16: 09:00:29.670711 192.168.9.30.1024 > 192.168.9.2.80: 
          P ack 314834195 win 1840
    16 packets shown
    pixfirewall# 
    pixfirewall# 
    pixfirewall(config)#show capture mss-capture
    8 packets captured
       1: 08:59:59.734214 192.168.9.2.80 > 192.168.9.30.1024: 
          . 314834195:314835647(1452) ack 473738207 win 65340
       2: 08:59:59.742086 192.168.9.2.80 > 192.168.9.30.1024: 
          P 314835647:314837099(1452) ack 473738207 win 65340
       3: 08:59:59.758000 192.168.9.2.80 > 192.168.9.30.1024: 
          . 314837099:314838551(1452) ack 473738207 win 65340
       4: 08:59:59.765673 192.168.9.2.80 > 192.168.9.30.1024: 
          P 314838551:314840003(1452) ack 473738207 win 65340
       5: 08:59:59.771291 192.168.9.2.80 > 192.168.9.30.1024: 
          P 314840003:314841035(1032) ack 473738207 win 65340
       6: 09:00:02.377619 192.168.9.2.80 > 192.168.9.30.1024: 
          P 314834195:314835647(1452) ack 473738207 win 65340
       7: 09:00:07.452658 192.168.9.2.80 > 192.168.9.30.1024: 
          P 314834195:314835647(1452) ack 473738207 win 65340
       8: 09:00:17.680063 192.168.9.2.80 > 192.168.9.30.1024: 
          P 314834195:314835647(1452) ack 473738207 win 65340
    8 packets shown
    pixfirewall# 
    pixfirewall# 
    pixfirewall#show asp drop
     
    Frame drop:
      TCP MSS was too large 8
     
    Flow drop:
    pixfirewall#
     
    
    !--- The show asp drop command reports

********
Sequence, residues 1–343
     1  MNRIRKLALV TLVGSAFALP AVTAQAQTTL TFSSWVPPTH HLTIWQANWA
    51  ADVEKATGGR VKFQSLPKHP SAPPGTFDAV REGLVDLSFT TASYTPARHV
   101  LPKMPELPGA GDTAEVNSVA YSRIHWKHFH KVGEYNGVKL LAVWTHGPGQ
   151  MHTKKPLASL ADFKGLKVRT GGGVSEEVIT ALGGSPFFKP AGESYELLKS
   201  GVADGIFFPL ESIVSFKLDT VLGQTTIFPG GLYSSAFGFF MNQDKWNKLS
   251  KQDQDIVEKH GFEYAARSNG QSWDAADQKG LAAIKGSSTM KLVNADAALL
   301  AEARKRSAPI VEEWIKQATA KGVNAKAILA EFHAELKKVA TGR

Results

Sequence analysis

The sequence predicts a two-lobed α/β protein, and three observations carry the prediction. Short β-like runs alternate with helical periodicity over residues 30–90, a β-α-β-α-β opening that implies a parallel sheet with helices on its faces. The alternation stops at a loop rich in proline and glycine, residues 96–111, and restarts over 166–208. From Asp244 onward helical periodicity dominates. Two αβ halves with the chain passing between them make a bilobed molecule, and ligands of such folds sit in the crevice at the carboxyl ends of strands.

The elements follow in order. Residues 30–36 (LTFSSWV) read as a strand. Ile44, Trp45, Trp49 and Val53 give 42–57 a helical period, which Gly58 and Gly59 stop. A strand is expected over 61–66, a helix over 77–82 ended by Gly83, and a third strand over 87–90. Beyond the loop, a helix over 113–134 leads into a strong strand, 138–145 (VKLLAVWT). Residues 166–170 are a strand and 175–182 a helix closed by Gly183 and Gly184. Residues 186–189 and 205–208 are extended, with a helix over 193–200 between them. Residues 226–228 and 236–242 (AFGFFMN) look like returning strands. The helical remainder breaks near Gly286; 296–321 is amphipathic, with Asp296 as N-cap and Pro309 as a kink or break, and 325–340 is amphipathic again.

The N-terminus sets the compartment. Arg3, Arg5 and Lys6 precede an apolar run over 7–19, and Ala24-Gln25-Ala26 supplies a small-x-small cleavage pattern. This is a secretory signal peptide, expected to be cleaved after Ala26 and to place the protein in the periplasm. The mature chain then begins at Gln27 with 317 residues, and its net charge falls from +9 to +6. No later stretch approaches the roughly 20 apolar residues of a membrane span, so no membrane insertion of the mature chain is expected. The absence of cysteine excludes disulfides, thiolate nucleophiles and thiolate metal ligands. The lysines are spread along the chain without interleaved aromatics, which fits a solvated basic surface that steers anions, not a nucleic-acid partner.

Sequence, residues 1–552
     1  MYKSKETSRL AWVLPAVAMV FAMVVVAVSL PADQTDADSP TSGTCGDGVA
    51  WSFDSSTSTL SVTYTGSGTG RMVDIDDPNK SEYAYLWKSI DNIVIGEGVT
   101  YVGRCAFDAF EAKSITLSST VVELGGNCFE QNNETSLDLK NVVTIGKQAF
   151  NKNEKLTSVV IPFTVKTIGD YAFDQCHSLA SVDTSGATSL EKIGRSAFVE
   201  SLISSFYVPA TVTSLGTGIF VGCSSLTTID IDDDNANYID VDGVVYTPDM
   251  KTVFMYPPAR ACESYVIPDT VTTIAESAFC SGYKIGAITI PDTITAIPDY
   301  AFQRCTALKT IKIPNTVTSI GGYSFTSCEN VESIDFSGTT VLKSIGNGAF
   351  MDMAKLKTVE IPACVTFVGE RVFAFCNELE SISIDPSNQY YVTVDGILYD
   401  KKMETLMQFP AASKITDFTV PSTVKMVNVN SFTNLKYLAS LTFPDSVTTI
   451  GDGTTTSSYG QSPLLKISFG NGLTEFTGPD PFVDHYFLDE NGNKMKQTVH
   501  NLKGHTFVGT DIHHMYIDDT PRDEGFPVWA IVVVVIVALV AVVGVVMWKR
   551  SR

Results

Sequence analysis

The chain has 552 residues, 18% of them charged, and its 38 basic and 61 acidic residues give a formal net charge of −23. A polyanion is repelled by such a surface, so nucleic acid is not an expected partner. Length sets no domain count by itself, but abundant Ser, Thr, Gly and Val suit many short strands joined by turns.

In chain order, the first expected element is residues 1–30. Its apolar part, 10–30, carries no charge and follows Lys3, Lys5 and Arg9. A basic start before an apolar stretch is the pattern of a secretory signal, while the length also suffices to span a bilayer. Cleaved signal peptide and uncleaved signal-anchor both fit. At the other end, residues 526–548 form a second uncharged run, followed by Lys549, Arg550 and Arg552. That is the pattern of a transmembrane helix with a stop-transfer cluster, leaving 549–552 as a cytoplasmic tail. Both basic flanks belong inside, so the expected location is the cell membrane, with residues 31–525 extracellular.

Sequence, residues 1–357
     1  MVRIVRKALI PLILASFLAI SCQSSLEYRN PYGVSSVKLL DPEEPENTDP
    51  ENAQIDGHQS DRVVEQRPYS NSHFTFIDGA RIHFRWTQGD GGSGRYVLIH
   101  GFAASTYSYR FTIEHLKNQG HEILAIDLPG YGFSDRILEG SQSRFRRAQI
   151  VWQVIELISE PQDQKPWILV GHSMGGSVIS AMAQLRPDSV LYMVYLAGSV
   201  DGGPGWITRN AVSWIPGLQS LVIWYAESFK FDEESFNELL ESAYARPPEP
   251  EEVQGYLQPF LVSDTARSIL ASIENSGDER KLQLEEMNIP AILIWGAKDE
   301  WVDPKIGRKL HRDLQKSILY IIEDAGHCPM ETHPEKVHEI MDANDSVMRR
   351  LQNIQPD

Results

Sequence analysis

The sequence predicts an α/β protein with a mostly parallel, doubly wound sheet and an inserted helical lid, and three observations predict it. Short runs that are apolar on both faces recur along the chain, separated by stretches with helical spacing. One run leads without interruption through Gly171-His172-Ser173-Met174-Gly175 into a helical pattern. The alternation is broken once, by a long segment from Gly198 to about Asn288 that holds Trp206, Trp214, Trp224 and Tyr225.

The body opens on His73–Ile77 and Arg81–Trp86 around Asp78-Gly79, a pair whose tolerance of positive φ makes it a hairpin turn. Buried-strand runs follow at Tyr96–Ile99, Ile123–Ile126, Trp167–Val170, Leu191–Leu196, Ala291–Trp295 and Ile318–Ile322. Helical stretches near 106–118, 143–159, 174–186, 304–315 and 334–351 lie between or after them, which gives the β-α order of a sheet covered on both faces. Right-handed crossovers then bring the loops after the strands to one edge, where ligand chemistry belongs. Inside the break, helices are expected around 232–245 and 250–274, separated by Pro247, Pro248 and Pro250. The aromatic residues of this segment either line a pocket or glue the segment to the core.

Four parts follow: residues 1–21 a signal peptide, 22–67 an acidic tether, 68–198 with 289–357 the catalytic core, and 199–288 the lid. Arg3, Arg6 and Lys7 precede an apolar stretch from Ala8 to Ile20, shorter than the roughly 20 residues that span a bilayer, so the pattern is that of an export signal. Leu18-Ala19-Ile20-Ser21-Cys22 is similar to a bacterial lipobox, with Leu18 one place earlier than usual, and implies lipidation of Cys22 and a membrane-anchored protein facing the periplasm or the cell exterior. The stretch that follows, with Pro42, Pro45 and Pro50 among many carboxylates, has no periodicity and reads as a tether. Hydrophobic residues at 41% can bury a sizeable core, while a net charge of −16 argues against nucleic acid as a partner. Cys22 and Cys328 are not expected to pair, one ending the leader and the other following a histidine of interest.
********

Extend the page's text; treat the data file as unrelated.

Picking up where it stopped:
!--- that eight packets were dropped because the
    !--- TCP MSS is to large. This corroborates the information derived from
    !--- the packet captures.
    
    

Workaround

Implement a workaround now that you know that the PIX/ASA Security Appliance drops the packets that exceed the MSS value advertised by the client. Keep in mind that you might not want to allow these packets to reach the client because of a potential buffer overrun on the client. If you choose to allow these packets through the PIX/ASA Security Appliance, proceed with this workaround procedure. A new feature in the 7.0 release called the Modular Policy Framework (MPF) is used to allow these packets through the PIX Security Appliance. This document is not designed to fully detail the MPF, but rather suggests the configuration entities used to work around the problem. Refer to the PIX 7.0 Configuration Guide and the PIX 7.0 Command Reference Manual for more information on MPF and any of the commands listed in this section.